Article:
Despite the lack of an opioid-sparing effect in the postoperative period, the results of the current study suggest there is a clinically important opioid-sparing effect intraoperatively. When intraoperative narcotics are reduced, respiratory and airway integrity are preserved. Given the known respiratory depression due to opioid use, ketamine administration may be a beneficial adjunct to avoid intubation in monitored anesthesia care surgical cases, especially in an elderly population with moderate to high operative risks. Importantly, no hemodynamic instability or adverse events related to intraoperative ketamine use were observed. This is particularly noteworthy given the mostly elderly population with multiple comorbidities.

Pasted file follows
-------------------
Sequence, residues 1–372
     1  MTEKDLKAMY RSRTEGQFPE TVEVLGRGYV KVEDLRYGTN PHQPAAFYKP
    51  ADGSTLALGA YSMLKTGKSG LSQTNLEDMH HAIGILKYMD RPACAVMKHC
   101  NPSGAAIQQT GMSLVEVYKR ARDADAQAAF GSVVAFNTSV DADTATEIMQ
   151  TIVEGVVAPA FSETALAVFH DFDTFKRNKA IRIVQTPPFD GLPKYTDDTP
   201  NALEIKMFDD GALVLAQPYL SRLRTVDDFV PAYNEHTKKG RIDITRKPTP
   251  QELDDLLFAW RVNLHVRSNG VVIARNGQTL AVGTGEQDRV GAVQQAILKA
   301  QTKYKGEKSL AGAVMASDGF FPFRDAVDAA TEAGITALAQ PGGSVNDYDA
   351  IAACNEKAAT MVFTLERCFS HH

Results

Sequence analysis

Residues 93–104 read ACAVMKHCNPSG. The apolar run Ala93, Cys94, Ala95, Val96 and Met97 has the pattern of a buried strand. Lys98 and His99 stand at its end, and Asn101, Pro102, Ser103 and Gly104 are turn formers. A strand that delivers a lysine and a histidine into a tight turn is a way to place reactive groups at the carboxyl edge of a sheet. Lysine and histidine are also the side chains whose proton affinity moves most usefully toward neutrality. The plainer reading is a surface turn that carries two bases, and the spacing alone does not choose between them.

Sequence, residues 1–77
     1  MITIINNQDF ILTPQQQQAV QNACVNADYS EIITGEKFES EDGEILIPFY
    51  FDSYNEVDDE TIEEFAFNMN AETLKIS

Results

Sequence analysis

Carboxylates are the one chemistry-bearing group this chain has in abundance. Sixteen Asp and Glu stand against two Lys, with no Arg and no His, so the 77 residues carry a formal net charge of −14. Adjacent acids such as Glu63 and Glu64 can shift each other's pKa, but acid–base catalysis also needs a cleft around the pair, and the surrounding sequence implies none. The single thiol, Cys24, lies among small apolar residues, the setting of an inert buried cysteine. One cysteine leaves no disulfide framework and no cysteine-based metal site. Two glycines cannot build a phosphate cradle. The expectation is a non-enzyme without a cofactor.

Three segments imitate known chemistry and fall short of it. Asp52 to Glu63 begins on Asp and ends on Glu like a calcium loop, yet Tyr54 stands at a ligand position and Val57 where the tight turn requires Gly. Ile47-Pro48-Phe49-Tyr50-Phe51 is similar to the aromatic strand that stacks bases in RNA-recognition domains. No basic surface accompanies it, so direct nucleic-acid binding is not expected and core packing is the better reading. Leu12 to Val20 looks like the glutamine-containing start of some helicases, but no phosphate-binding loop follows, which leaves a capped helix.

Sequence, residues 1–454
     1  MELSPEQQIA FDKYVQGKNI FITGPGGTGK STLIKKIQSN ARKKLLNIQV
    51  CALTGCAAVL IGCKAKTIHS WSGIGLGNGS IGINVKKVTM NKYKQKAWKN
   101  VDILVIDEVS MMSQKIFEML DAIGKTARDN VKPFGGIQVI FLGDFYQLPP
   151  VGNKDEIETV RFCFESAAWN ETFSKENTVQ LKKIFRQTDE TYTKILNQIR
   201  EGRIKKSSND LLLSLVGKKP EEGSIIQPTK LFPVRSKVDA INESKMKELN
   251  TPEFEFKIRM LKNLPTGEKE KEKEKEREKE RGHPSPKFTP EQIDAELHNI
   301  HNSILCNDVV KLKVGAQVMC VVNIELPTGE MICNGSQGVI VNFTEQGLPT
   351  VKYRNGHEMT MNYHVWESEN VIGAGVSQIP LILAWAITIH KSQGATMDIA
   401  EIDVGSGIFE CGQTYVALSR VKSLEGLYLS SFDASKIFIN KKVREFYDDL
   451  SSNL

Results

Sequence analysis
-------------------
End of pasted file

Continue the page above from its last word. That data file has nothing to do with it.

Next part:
This retrospective chart review is unique for 4 reasons. First, the authors examined ketamine use in kyphoplasty procedures. A PubMed search using the text terms ketamine and kyphoplasty yielded no pertinent publications. To the authors’ knowledge, the efficacy of ketamine in kyphoplasty has not been specifically reported. Second, all 7 randomized controlled trials examining ketamine use in spinal procedures included patients who underwent surgery with general endotracheal anesthesia.1,6,7,10-12,15 The patients examined in the current study had monitored anesthesia care; the authors excluded any patients who received general anesthesia. Third, more than 90% of patients included in the current study were ASA class 3 or 4. In all 7 randomized controlled trials, patients with ASA classes 3 and 4 were either excluded1,6-7,12 or represented less than half of all included patients.10,11,15 Fourth, the average patient age was 77 years in the current study. In all 7 randomized controlled trials, 65 years was the average age,6,7,10-12,15 and the maximum age was 75 years.1 Klaess and Junquist’s8 survey respondents indicated that in practice, 55% of patient’s receiving ketamine were 65 years or older. It seems that previously studied populations are not wholly representative of most patients who receive ketamine in practice. The current retrospective cohort study provides enlightening real-world information in an understudied population. The results warrant ketamine practice standardization and further research in ketamine’s efficacy for the geriatric population in a randomized controlled design. Future research could include investigating ketamine efficacy during other monitored anesthesia cases.